Poole was also a member of the MCA's Planning and Zoning committee, as well as an MCA representative on the McLean Planning Committee.

"He was always offering his expertise in tree preservation and replacement to developers proposing projects," said MCA member Herb Becker. "Consultation with Dick was often a condition for MCA's support of a given development."

Poole served on the McLean Planning Committee's Main Street subcommittee, as well as on other subcommittees such as Design Standards and the Civic Place subcommittee. In addition, he was instrumental in managing and leading the profitable newspaper bin collection effort at Cooper Middle School.

Dranesville District Supervisor Joan DuBois says she first met Poole in the 1980s. He was going to be out of the country for a short period, so DuBois acted as chair of the McLean Trees committee during his absence.

"My husband and I continued to work with Dick at the Cooper School site for a number of years after that," said DuBois. "Dick and I picked up many blowing newspapers over the years and became great friends."

DuBois says she is very saddened by his passing.

"I will truly miss him," said DuBois. "He was a dear friend."

MCA Environment, Parks and Recreation committee chair Frank Crandall, who worked with Poole for many years, laments the loss of one of McLean's most dedicated citizens.

"We have lost one of our true oak trees," said Crandall. "He will be greatly missed but he has left a living monument of trees all over McLean."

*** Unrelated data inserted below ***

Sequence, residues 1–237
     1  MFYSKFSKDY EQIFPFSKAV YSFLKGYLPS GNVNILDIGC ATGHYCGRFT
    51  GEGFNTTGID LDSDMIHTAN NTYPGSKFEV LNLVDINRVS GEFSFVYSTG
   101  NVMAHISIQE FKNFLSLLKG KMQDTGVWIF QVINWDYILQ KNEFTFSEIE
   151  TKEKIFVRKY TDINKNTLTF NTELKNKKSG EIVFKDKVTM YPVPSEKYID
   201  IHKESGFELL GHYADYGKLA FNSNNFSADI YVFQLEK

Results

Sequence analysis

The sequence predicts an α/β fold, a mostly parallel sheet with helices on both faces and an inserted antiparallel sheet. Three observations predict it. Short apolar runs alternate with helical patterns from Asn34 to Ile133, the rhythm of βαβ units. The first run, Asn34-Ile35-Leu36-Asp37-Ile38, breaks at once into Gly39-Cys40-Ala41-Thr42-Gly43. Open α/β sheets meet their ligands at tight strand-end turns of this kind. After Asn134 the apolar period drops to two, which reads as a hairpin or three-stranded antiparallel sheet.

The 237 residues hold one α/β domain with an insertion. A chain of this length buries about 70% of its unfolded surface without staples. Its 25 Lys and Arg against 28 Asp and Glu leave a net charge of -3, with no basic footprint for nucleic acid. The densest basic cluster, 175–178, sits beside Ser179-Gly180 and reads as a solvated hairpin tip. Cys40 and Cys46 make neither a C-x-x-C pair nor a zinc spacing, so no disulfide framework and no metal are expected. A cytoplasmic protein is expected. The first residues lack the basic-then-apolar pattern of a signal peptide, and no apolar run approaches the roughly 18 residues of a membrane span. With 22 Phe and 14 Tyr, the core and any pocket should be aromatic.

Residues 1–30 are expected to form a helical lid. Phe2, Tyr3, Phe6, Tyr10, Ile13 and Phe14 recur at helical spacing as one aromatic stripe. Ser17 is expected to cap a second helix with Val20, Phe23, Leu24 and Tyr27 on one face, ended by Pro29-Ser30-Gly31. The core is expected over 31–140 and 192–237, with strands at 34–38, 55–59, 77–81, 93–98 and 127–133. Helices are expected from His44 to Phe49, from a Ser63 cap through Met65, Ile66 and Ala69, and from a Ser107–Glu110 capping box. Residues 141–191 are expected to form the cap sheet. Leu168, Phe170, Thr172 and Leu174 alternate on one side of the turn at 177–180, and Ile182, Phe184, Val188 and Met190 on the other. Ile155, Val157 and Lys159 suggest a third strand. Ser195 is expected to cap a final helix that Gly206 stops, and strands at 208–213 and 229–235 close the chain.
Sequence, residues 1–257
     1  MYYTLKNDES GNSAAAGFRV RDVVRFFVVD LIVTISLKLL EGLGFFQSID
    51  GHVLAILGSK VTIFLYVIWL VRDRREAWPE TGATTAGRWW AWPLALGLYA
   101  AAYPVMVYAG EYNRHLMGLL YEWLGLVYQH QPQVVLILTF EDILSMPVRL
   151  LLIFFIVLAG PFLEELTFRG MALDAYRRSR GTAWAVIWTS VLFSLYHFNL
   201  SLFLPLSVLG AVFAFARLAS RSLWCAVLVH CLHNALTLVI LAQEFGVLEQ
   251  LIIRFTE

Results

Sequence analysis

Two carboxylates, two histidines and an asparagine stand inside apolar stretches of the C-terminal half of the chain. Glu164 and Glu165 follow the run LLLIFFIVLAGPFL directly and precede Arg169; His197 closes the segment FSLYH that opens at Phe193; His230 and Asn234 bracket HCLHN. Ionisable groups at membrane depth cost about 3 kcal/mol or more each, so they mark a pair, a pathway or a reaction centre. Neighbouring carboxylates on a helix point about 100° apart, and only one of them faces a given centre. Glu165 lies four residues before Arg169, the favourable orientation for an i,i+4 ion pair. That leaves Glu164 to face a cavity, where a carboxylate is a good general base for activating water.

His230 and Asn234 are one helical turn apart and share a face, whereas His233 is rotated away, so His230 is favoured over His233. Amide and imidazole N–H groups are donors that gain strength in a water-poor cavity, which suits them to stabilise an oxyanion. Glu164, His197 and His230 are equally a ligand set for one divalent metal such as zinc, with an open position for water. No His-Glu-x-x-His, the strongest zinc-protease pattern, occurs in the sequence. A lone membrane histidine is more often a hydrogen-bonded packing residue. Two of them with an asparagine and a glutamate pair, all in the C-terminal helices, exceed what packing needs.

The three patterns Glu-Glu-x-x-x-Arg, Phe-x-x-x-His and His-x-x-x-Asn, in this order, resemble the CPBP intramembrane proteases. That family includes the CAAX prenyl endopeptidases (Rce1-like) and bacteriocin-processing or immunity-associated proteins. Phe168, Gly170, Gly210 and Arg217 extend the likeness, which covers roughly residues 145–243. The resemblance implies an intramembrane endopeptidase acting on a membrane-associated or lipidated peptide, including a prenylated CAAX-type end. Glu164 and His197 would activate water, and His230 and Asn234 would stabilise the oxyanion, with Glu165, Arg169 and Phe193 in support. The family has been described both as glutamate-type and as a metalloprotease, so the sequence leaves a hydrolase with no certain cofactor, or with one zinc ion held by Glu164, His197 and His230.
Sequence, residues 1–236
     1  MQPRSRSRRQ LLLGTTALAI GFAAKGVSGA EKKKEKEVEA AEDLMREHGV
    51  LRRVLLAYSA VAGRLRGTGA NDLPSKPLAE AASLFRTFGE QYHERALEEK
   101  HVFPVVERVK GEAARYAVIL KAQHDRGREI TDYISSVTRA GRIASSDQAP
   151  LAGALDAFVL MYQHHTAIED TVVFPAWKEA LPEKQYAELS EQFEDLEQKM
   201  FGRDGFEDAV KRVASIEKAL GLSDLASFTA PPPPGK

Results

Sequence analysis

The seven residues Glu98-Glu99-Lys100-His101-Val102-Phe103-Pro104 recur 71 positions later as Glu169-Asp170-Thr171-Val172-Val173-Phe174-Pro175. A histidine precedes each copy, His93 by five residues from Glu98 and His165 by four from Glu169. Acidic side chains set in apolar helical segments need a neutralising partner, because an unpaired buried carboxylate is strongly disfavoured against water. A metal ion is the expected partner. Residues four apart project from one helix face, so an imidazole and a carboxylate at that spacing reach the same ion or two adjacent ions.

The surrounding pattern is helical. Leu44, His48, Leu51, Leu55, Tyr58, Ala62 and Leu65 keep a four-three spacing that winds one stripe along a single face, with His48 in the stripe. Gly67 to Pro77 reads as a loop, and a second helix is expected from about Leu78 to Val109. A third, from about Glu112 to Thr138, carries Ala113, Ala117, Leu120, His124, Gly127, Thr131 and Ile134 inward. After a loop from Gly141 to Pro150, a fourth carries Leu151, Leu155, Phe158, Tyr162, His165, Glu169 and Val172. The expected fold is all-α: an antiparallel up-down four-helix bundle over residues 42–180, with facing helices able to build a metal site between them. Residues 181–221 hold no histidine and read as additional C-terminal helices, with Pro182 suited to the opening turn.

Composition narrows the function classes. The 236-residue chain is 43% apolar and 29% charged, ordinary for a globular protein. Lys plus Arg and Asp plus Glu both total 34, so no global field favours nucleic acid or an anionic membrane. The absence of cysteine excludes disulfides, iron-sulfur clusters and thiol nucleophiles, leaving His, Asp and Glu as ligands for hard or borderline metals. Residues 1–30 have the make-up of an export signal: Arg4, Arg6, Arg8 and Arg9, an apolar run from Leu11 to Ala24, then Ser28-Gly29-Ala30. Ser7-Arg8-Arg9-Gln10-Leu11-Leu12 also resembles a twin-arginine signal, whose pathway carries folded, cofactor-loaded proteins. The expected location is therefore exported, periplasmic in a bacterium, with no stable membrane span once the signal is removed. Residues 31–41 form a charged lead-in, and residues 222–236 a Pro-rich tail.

ON SATURDAY, MARCH 4, a memorial service was held for Poole at St. John's Episcopal Church in McLean. His son Colin Poole, who lives in Santa Fe, N.M., described his father as "a consummate gentleman of a bygone era," and "the personification of 'steady on.'"

"He was as tenacious and stubborn as a stump," said Poole.

He added that his father's rule of thumb was "if you don't finish don't worry because finishing is not the point."

"Pop was the kindest man I ever knew," said Poole. "Without my dad I feel like I've lost my shadow."

Richard Poole's other son, Anthony Poole, who lives in Arlington, also spoke at the service.

"This last week has been the hardest of my life," said Poole. "Pop was my guiding light. He had many wonderful qualities that I will aspire to and try to live by."

Anthony Poole remembered his father as a kind man with "the patience of Job."

"Nothing seemed to phase him," said Poole. "He was always the calm in the storm. Whatever he did, he over-did."

Poole's godson Tony Parry said that one of his fondest memories of his godfather was "riding in his cool open car in Virginia."

"He has shown me and family love and friendship and hospitality and support beyond words," said Parry. "I always looked forward to his unfailing good humor and warm company."

Anthony Poole remembers his father as a man "who loved the outdoors — plants, birds and just simply digging in the dirt."

"During his first career he worked around the world," said Poole. "During his second career he planted the world, here in McLean."